The issue of the merger of South and North Ossetias

The issue of the merger of South and North Ossetias


Alexei Vlasov, exclusively to Vestnik Kavkaza

One of the leading South Ossetian politicians, the head of United Ossetia Party, Anatoly Bibilov, suggested holding a referendum to find out public opinion on the problem of the possible merger of South and North Ossetia.


The topic has many times been discussed by South Ossetian politicians, and each time it causes an ambiguous reaction of Tskhinvali and Moscow. For example, the head of North Ossetia Taimuraz Mamsurov stated: “North Ossetia is a part of Russia. The issue is more about joining Russia, than a merger. However, we, Russian citizens, know that Russia needs no new territories. There is no interest for Russia to get new lands.” The extraordinary plenipotentiary ambassador of South Ossetia in Russia, Dmitry Medoyev, made a strict statement that the authorities of the country had no intention to hold a referendum on joining Russia, as South Ossetia is an independent state, with its own Constitution and laws.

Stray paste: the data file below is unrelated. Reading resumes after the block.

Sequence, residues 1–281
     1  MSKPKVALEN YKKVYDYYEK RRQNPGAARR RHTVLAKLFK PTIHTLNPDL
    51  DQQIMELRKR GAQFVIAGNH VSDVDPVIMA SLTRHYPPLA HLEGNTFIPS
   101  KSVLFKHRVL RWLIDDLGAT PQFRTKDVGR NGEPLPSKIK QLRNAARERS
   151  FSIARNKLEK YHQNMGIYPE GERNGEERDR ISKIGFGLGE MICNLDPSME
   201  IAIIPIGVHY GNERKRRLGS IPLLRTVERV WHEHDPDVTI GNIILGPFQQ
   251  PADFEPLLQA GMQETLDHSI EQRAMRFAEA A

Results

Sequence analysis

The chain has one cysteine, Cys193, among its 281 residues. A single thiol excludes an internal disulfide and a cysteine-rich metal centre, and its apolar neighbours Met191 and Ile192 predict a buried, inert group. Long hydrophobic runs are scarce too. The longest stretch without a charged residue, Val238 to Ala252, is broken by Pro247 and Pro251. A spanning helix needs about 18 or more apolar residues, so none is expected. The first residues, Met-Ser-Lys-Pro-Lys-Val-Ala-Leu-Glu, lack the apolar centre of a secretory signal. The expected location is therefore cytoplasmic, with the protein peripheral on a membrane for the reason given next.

Dmitry Medoyev reasonably believes that such initiatives ahead of the incoming parliamentary elections where the struggle between main political parties of RSO will be very tough. The motto of merger with North Ossetia is really popular among a part of the South Ossetian society, and the initiative of United Ossetia can be considered as an attempt to gain more votes.


Obviously, the referendum will enable to find out public opinion on the issue. However, there are doubts about true reasons for holding it. I believe the story may have two scenarios: a long-term scenario which is connected with the future development of the country and an up-to-the-minute scenario which is connected with the parliamentary elections.


If the question is important for a future strategy, it is about a choice between priority directions for South Ossetia in the political and economic spheres. For example, South Ossetia’s economy has a lot of problems – it lacks resources. 90% of its budget is Russian money – Moscow invested 4.2 billion rubles in 2013 (the whole volume of the budget was 4.7 billion). Therefore, many South Ossetian citizens ask why they don’t join North Ossetia and improve the economic situation in the country.


However, the approach doesn’t consider the foreign political context which shouldn’t be forgotten. That is why the initiative by United Ossetia can bring benefits to the party ahead of the elections, but it will hardly be implemented in reality in the near future.